FIGURE 1 shows a typical panel embodying the invention constructed of four layers of material. The outside faces 10 and 11 of the panel are sheet metal, such as sheet steel, stainless steel, aluminum, brass, and the like, depending on the acoustical, thermal, or other requirements of the panel. The thickness of the sheet metal faces may 'be varied in accordance with the desired strength and weight of the panel. Typical thicknesses range from 11 to 22 gauge. Where one face is to be perforated, thinner materials are preferred.
As shown in FIGURE 1 the underside of facing sheet 10 is coated with a layer of high efficiency viscoelastic damping material 12. The damping layer 12 is essentially an amorphous polymer, such as polyvinyl chloride, polyvinyl alcohol, rubber, polyisobutylene, polypropylene, polyurethanes, polytetrafluorethylene and the like, preferably containing an inert filler such as vermiculite, ex-
panded mica, talc, lead, granulated polystyrene aluminum oxide and the like. Suitable plasticizers for improving or maintaining the viscoelastic properties of the material may be included, also.
The viscoelastic layer 12 must be at least as thick as is required to provide 10% of the critical damping, and may vary between inch to over A inch thick. The practical upper limit to the thickness of the layer 12 is controlled by the weight, thickness and size of the entire panel and may impart up to 100% of critical damping to the panel. The viscoelastic layer 12 may be applied to the metal sheet 10 by spraying, painting, spreading or the like, or may be cemented as a separate sheet to the metal sheet 10 by epoxy cement or the like.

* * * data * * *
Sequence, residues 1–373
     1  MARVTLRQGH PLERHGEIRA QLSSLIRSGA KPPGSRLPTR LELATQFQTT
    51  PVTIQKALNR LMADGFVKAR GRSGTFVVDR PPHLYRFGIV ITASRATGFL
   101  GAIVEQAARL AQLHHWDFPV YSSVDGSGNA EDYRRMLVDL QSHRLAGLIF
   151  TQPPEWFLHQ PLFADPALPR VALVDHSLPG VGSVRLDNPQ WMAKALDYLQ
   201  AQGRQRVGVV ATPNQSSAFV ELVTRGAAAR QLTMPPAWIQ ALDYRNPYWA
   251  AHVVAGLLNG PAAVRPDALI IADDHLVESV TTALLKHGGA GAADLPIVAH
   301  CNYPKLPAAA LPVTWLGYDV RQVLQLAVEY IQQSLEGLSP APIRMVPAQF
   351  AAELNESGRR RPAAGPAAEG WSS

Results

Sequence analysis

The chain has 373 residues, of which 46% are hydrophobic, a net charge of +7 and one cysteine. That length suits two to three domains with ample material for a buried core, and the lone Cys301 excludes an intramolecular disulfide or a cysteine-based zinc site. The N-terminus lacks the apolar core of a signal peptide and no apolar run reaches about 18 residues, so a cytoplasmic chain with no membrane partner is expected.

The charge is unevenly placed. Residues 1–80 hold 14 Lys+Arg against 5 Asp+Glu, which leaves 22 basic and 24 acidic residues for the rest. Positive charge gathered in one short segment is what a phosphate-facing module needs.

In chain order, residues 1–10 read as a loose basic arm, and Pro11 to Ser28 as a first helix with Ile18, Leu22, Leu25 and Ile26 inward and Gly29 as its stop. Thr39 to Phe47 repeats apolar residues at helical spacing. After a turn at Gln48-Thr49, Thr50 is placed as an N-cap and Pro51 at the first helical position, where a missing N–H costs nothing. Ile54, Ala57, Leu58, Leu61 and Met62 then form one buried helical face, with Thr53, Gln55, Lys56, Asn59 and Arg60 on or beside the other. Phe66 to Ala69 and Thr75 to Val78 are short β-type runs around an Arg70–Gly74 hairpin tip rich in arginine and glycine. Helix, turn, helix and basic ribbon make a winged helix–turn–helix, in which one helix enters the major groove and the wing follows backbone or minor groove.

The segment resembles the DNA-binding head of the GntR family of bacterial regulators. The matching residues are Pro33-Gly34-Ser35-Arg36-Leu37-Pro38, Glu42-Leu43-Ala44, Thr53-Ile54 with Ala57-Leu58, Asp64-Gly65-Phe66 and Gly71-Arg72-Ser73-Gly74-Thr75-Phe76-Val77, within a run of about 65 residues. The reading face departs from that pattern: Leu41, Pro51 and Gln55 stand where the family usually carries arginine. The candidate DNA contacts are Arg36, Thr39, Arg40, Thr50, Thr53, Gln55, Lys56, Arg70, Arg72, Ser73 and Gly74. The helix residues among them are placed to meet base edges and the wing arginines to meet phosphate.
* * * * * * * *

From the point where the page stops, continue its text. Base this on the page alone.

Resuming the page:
Highly effective vibration damping materials for sheet metal structures can be obtained by making use of amorphous high polymers in the viscoelastic state. Materials of this kind can be adjusted to provide optimum damping at given frequencies and in broad temperature ranges. This can be done by mixing high polymers with different glass transition temperatures (the temperature at which the plastic becomes brittle) in suitable distribution or copolymerizing suitable monomers. Maximum damping can be obtained for a broad band of frequencies for a temperature range. This temperature range can be placed at the temperature at which the panel will be used. For instance this temperature range can cover temperatures from to 120 F. with a maximum at 60 F. to cover normal indoor and outdoor weather conditions. Broader temperature bandwidths can be obtained, but maximum damping efliciency will be lower in this case. This follows from the laws which govern the molecular behavior of high polymers and thermo-plastics in general.
Damping materials have been incorporated for different combined systems such as metal sheets with a single damping layer on one side, or sandwich systems having metal sheets with a sound absorbing or other spacing layers, then the damping material, and a shearing layer above the damping material, according to demands with respect to frequency and temperature requirement. This spacer of sound absorbing material can be used as a thermal protection layer for the damping material for extremely high temperatures of jet engine or rocket engine exhaust panel application. One such thermal insulating and sound absorbing spacing layer is known under the trademark, Tipersul, a fibrous potassium titanate. In this manner the damping efficiency of the damping material will not be affected by temperature changes on the exposed side of the sandwich structure. The stiffness of the spacer layer, Tipersul, can be controlled by the addition of suitable binders to make it stiff in one direction, for instance, for longitudinal vibrations, and make it soft for flexural vibrations to lower the bending stiffness of the sandwich structure.